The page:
If, for example, it is post receptivity, that means I should give you more. And then, in the actual analysis, I would recommend maybe you need 7 or 8 days of progesterone. Then, in that case, we would be guided by the recommendation and hope for the best – if this is detected. So this is simply the way it works.

Answer from: Alpesh Doshi

Embryologist, Consultant Embryologist and Co founder at IVF London
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The preparation for the frozen embryo transfer starts on the second or the third day of the period. Typically, as I said ,the patient would start taking estrogen tablets on the second or third day. They would continue these tablets for about 12 days, come back to the clinic for a scan to see if the lining has built up and if the lining is ready, then we start the progesterone injections or or pessaries depending on what’s been prescribed and on the sixth day of taking progesterone, the blastocysts will be defrosted and transferred into the uterus via a conventional embryo transfer and of course after the embryo transfer is done the patient will continuously take the estrogen and progesterone that has been prescribed as part of the treatment up to the pregnancy test. Pregnancy test would be done 10 days after the embryo transfer and of course if it’s positive then they continue taking those hormones for a while.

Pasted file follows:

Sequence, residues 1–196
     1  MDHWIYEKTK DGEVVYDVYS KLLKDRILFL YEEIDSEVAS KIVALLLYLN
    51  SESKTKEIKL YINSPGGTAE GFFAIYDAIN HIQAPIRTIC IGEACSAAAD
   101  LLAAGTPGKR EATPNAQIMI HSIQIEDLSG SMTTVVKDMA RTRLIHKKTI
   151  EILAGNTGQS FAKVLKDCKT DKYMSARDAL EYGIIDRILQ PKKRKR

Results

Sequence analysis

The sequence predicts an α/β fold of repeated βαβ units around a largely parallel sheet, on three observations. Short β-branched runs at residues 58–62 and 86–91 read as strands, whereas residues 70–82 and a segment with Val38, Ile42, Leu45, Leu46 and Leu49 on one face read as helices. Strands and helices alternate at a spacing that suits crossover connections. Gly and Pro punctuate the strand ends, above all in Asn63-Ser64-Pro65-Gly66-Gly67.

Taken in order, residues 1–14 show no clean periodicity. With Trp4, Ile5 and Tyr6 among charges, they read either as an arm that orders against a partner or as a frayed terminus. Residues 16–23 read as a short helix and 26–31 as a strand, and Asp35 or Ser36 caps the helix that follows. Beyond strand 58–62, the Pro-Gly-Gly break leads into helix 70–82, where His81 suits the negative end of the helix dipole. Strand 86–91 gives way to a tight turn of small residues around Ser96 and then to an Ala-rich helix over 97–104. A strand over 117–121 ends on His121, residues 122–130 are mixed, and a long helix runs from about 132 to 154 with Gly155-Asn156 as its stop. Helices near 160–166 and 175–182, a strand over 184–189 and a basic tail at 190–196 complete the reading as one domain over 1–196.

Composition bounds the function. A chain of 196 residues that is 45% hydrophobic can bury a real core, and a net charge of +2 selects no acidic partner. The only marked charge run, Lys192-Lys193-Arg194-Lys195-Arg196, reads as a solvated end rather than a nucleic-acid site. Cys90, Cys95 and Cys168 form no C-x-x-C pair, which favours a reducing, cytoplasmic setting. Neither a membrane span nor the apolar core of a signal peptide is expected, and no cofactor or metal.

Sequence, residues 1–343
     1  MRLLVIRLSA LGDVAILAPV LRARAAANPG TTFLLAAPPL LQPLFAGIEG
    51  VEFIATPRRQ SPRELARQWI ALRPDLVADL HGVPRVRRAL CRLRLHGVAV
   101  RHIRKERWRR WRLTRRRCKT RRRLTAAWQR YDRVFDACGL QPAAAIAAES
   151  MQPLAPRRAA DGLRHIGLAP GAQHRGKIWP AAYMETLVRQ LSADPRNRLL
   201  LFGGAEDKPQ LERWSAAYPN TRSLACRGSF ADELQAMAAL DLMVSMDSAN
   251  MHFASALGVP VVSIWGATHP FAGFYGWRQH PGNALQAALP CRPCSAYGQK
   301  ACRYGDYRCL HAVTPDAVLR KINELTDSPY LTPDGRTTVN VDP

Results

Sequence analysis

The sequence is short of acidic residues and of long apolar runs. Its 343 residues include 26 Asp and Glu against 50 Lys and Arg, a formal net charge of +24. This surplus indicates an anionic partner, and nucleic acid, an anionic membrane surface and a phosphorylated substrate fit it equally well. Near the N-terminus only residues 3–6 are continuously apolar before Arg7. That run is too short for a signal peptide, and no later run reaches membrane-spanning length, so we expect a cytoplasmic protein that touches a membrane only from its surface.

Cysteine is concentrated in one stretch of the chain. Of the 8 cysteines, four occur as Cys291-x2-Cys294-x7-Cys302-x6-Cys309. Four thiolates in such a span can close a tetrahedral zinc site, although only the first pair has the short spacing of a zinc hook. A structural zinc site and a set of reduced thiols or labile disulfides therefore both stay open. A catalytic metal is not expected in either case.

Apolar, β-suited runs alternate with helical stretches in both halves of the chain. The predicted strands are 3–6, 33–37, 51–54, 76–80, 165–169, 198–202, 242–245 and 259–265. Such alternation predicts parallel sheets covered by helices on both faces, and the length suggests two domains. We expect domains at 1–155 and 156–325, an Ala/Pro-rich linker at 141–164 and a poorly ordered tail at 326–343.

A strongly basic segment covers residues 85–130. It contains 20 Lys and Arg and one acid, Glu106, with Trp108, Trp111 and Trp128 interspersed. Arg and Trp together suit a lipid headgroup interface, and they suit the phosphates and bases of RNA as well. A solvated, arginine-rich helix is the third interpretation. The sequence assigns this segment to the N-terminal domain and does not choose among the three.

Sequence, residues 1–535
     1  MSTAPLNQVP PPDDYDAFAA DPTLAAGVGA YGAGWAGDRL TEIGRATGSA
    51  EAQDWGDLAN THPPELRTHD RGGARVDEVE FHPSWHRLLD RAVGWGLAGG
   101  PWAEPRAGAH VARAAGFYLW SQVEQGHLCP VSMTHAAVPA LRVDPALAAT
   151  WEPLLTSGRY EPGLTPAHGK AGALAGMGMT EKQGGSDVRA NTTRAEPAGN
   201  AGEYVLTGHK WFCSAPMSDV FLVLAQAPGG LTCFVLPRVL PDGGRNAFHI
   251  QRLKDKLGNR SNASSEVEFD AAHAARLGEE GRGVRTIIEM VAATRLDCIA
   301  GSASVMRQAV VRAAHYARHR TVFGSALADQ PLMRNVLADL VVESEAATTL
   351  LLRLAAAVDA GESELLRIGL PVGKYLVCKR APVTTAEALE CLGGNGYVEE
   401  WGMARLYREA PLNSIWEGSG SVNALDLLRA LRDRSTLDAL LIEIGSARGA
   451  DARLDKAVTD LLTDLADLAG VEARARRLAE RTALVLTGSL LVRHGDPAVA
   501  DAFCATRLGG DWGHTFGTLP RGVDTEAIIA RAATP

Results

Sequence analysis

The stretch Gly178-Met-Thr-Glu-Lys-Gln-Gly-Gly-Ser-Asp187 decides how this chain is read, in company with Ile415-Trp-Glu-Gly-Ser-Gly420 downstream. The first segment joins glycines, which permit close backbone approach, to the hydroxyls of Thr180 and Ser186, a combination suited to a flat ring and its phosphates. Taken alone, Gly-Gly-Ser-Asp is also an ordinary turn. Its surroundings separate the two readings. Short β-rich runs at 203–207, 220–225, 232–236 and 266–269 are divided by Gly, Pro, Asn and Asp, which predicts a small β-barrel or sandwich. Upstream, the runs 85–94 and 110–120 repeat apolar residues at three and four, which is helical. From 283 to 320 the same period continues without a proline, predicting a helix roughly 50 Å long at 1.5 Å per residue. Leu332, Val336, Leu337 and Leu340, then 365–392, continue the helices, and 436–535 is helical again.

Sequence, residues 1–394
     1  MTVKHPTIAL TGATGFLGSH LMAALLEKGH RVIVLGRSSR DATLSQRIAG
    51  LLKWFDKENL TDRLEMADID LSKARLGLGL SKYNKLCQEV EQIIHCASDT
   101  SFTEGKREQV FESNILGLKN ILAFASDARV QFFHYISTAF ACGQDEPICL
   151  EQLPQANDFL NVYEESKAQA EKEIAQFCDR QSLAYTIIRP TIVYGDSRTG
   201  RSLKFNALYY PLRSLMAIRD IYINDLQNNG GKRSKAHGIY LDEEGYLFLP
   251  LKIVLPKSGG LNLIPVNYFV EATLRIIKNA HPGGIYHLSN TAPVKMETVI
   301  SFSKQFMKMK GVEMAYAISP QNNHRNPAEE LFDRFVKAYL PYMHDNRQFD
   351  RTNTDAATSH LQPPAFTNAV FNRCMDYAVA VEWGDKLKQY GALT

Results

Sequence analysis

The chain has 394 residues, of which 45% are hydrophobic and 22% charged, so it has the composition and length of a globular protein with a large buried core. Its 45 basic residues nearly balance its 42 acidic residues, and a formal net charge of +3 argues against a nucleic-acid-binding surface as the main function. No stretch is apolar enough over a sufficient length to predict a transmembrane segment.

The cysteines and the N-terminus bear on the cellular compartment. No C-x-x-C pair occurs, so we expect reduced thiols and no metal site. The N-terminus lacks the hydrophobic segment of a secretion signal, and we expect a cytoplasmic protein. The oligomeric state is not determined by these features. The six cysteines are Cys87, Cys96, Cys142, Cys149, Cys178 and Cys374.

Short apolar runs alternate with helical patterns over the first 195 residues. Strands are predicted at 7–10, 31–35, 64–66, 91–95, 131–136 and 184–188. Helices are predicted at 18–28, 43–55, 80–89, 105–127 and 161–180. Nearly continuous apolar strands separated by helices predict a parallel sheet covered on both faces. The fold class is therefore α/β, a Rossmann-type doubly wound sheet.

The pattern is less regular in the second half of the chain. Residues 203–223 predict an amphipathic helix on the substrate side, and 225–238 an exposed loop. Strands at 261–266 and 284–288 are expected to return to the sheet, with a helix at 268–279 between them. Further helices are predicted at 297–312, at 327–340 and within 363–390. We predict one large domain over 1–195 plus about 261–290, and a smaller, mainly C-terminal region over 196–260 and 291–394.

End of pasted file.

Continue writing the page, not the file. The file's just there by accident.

Answer from: Harry Karpouzis, MD, MRCOG, DIUE

Gynaecologist, Founder & Scientific Director Pelargos IVF Medical Group
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What is the indication for a frozen embryo transfer? This can happen because we have frozen embryos because we have done an initial transfer that hadn’t worked and we have some remaining embryos and we need to do a frozen transfer. If we have ovarian stimulation where the hormones, the progesterone goes quite high which is the case, usually, in the polycystic ovaries syndrome, or, sometimes, during endometriosis – we prefer to freeze all the embryos so that we can reduce the chances of hyperstimulation and then proceed with frozen embryo transfer.

Frozen embryo transfer (FET) is nowadays done thanks to the process of vitrification which is an excellent technique that gives us almost equal chances to fresh transfer. It is quite often used, even in our unit. In some cases, we have even better chances of success with frozen rather than fresh embryo transfer.